A room that was full of medical professionals suddenly empties. You are left almost alone. One nurse has to stay with you to make sure that nothing untoward has gone on and you don't try and cover anything up. What do you do?
My husband wants to talk to the nurse to find out what happens next (so very practical). And I want to say goodbye.
I said goodbye to my son in the space of about 3 minutes. I told him these 3 things - I told him I was sorry (for not being able to keep him alive). I thanked him (for teaching me so much). I told him that I loved him. And then I kissed him and said goodbye. Just as I had 2 years, 9 months and 1 day ago, I encouraged my husband to kiss him and then we walked away.
With hindsight I think I regret walking away so quickly but I'm not sure and I can't change it. He wasn't there and I knew that. However I'm reasonably staggered at my ability to string the words together that I did. Even if I'd had another 10 days, I don't think I could have said anything more meaningful.
And then? To the family room. To be offered tea. So many cliches. No thank you, I didn't want tea. And then the door closed and my mouth was so so dry, all I wanted was tea. We were asked to wait until a consultant arrived to speak to us. I don't know what we talked about whilst we waited.
We phoned our friends who had been with us and were looking after Pickle. I suspect they already knew.
I phoned my Mum in Australia - I needed to tell someone to make it real. She answered the phone 'To what do I owe this pleasure? I spoke to you this morning'. 'I'm sorry Mum, I have some terrible news, Alex has died'. She actually made a sort of howl, slightly hysterical. I held it together and this was the first of many calls where I comforted the recipient of the phone call. 'What can I do? I'm so far away'. 'You can phone me every day for a month to see how I am'. 'Of course'.
My husband phoned his parents who were at the Edinburgh festival. It seemed a much more factual call but I guess everyone reacts differently.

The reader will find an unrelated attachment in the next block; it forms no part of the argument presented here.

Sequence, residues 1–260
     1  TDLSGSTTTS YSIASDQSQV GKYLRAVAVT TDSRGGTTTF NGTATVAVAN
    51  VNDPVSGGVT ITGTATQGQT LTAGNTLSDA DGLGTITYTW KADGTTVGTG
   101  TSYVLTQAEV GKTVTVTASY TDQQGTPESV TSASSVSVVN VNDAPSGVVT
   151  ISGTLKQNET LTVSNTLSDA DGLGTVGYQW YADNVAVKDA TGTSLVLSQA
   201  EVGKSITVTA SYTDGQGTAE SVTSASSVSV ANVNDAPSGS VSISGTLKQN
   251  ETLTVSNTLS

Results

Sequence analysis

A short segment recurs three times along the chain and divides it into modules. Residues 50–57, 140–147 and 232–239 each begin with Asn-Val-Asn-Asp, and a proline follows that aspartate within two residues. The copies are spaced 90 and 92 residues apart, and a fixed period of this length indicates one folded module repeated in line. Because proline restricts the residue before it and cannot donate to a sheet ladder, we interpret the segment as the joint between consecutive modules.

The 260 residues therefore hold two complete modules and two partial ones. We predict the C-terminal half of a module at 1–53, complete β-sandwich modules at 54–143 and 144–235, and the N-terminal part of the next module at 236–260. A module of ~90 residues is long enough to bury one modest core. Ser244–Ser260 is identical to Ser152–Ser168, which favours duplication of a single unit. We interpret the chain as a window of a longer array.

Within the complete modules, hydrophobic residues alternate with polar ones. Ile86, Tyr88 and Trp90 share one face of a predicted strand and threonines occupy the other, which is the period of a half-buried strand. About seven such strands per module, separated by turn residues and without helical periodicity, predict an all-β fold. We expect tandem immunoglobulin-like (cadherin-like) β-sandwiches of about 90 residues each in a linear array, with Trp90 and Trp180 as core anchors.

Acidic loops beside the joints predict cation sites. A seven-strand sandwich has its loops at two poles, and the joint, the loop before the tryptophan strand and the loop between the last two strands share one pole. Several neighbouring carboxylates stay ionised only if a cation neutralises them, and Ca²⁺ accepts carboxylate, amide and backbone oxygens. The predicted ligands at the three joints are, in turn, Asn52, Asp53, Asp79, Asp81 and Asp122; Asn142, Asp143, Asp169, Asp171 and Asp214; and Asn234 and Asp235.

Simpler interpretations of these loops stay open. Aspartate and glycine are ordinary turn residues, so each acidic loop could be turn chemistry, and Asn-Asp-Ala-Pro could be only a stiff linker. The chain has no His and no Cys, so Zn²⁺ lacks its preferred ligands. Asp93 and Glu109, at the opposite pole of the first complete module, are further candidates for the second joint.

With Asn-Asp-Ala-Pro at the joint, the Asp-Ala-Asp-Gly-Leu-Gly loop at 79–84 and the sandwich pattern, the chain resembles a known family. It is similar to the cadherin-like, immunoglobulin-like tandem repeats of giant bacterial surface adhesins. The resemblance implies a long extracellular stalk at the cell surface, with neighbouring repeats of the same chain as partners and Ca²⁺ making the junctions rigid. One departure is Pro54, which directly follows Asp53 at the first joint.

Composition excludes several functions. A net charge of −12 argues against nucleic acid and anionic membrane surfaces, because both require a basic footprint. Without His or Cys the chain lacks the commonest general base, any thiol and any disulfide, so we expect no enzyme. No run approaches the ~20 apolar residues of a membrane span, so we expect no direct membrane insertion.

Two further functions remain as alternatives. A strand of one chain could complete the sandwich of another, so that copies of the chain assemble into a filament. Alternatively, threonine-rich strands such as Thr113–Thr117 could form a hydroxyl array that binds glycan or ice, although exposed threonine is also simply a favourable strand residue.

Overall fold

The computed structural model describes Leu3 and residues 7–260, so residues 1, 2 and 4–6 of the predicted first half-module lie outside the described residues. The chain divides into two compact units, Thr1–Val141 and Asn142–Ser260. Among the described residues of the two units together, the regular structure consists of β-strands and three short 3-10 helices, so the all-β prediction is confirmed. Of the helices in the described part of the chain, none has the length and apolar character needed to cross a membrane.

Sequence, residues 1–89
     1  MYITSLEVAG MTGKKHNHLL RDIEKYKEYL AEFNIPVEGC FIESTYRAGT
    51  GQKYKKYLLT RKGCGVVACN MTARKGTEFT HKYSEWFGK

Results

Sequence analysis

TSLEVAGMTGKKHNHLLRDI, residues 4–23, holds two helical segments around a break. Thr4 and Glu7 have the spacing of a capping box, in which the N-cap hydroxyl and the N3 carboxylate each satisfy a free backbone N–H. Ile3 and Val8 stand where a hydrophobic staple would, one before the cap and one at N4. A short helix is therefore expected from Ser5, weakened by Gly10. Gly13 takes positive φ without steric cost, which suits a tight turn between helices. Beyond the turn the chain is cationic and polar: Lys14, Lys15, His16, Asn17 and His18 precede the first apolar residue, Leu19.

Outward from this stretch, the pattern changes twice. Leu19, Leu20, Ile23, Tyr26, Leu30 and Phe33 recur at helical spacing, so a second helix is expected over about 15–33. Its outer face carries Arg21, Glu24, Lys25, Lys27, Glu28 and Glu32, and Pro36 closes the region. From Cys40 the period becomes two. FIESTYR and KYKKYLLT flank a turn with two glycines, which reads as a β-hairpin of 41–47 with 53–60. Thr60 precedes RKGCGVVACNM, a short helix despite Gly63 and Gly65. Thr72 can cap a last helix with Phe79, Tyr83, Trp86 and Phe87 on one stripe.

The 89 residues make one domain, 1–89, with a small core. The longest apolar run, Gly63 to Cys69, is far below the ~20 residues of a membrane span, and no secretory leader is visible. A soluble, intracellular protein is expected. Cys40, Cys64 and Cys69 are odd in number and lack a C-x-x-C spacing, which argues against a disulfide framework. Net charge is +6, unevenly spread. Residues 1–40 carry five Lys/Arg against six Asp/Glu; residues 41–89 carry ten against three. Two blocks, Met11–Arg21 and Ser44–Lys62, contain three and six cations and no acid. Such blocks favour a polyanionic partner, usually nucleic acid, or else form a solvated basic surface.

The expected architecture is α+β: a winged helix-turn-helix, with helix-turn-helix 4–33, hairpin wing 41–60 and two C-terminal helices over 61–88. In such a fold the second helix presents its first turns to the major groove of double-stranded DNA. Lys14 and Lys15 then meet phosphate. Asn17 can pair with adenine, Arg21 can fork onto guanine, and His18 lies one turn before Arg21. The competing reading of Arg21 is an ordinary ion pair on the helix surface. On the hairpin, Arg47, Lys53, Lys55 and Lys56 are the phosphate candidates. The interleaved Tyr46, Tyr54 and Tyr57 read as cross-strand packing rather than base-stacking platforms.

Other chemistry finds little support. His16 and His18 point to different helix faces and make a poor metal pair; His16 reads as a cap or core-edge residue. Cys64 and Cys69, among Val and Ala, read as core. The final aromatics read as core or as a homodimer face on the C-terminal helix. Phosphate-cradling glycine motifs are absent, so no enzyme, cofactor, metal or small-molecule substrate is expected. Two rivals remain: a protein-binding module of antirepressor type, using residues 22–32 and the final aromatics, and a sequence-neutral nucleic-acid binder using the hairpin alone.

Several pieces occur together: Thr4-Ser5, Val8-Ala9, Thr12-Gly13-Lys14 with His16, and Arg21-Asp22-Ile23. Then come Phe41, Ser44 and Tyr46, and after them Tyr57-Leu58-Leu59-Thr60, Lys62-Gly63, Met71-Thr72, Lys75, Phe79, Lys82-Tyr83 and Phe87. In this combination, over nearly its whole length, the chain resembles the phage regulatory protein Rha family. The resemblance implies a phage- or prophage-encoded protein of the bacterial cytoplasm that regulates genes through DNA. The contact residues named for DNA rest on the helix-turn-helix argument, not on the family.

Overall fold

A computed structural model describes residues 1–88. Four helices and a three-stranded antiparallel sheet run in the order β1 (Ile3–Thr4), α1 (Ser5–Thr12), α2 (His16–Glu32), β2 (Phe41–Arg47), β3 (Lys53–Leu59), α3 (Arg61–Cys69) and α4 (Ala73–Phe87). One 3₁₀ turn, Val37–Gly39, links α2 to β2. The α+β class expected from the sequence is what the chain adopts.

The registrar who had been part of the resus team came to talk to us. I remember liking her. The consultant came (from his bed) and said that the most likely cause of death was due to an epileptic fit which had been so severe Monkey's heart had stopped beating. Quick and painless.
Then we had to wait for a police escort home. As we were leaving the hospital I had an urge to run back to Monkey. I didn't want to leave him. I didn't want him to be put in a drawer (have I watched too many films?). But I resisted the urge.
My husband chatted to the policemen on the way home like you would a taxi driver on the way to the airport. They came in and had a look at Monkey's room. Our friends had washed Monkey's covers (my husband had been blowing air into his stomach when he was doing mouth to mouth so he'd been sick). I know why they washed them but I kind of wish they hadn't. And then we all had another cup of tea. I couldn't believe that at 9.20pm I had found my son, not breathing, and by 12.05 I was home in my kitchen having a cup of tea.
Our friends stayed with us until about 3am. The most surreal moment of the evening was when my husband and friend started discussing how we could block in the window in the living room in so much detail that it was competely absurd. The feeling I had at that moment stays with me. It was so inappropriate except it wasn't. I don't think there's such a thing as 'appropriate' conversation when a child dies so suddenly.
More than anything, I did not want to go to sleep. If I went to sleep, I had to wake up again and then I would have to deal with reality. But eventually my body took over and I slept.